Damn! I lost the pool! I said it would debut at 15!! In any event, Happy NYTBSLA Day! In fact, from now on I'm not gonna refer to you as my friend John, it'll be my NYTBSA friend, John. You deserve it, the book speaks to so many people, but remember first and foremost you wrote it and if you didn't have the talent it wouldn't be doing so well!f

M. G. Tarquini said...

My book is all about “fitting in.” And I guess deep down, that’s what all of us want.

Bows humbly in your direction.

Congratulations, John.

Michelle O'Neil said...

Wooo-hooo! Woofity-woof-woof!


Why you? Why now?

1 in 150 kids these days. 1 in 84 boys. Your story will make them so much more understood in society.

Thank you!

sex scenes at starbucks said...

Brilliant news!! I'm so excited for you! WOOF WOOF WOOF!

momof3feistykids said...

Congratulations! I think the issue of Asperger's and other people who are a little "off the normal curve" is an issue that has received mounting interest in the past 5-10 years. To have a person with your immense writing ability and gift for storytelling to come forward at this time - well, it's perfect!

I'm a self-diagnosed Aspergian person with an Aspergian daughter. I love the fact that your voice is being heard by so many.

thismom.com said...

The New York Times Best Sellers List! Woof, INDEED!!! That's fantastic news, John! You are already my hero and when Fluffy gets old enough to read your book, you will surely be his, too.

Chumplet said...

Holy Guacamole, that's fantastic! You deserve every bit of good fortune, John. I just knew this would happen, but so soon?!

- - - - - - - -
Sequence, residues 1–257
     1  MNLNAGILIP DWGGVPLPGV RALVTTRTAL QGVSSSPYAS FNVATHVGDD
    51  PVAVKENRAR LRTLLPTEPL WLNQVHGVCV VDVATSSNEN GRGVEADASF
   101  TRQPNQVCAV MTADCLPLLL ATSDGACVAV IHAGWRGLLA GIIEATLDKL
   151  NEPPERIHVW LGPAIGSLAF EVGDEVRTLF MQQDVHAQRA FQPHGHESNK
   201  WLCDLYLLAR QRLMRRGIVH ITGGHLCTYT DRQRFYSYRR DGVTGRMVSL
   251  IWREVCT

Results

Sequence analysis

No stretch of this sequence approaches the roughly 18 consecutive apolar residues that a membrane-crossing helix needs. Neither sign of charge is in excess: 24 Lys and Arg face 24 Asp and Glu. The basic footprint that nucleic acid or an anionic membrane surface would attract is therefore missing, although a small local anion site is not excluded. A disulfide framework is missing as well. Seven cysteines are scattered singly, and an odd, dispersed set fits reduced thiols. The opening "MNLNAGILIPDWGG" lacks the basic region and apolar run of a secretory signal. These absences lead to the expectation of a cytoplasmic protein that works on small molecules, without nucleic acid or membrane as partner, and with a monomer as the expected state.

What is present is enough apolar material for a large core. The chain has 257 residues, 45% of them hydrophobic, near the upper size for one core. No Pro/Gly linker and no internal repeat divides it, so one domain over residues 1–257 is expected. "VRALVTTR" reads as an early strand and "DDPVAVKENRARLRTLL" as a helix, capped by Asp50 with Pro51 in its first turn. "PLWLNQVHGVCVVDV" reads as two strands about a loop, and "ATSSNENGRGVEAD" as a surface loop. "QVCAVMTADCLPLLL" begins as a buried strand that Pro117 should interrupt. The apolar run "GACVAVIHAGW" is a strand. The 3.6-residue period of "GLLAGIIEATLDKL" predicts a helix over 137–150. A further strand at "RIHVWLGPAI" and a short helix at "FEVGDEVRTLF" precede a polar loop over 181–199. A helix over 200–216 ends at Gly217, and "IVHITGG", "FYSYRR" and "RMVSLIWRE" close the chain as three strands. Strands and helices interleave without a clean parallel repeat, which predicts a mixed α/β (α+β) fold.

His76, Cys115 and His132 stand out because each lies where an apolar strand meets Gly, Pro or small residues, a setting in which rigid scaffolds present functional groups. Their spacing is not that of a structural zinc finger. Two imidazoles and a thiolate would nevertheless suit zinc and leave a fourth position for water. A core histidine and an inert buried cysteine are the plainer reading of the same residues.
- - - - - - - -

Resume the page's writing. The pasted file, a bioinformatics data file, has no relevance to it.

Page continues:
Agent M said...

Congratulations! I'm so happy for you! And so so grateful to you too.

The Muse said...

"Hope and inspiration". That's what people are longing for these days. It's no surprise that LMITE is an "Instant New York Times Best Seller". All of your blog friends knew it all along... Your story is sharing your irrepressible spirit with thousands and thousands of people worldwide. Your light of hope is shining for the world to see. Whether you know it or not, you ARE a dreamer. Your story, LMITE, of "growing up different" is similar to that classic children's tale of "The Ugly Duckling" -who felt rejected and like a misfit. He too, didn't know that he was really a swan...

John Elder Robison said...

The responses from all of you reaffirm my suspicion that the kind of book you write determines the kind of responses you'll get.

I wrote a book that's basically PG rated and sweet, and all of you write responses that are are PG rated and sweet.

I don't know what I'd do if my book had come out X rated and rough. Run and hide, I guess.

Woof.

Lili Marlene said...

"It doesn’t matter if someone have Asperger’s or not – we all want people to like us, and we want to find our place in the world."

Our (my misanthrope husband and I) ideal place in the world is a remote location on lots of acreage, with all the technology required for self-sufficiency. We couldn't care a tinker's cuss what the world thinks of us.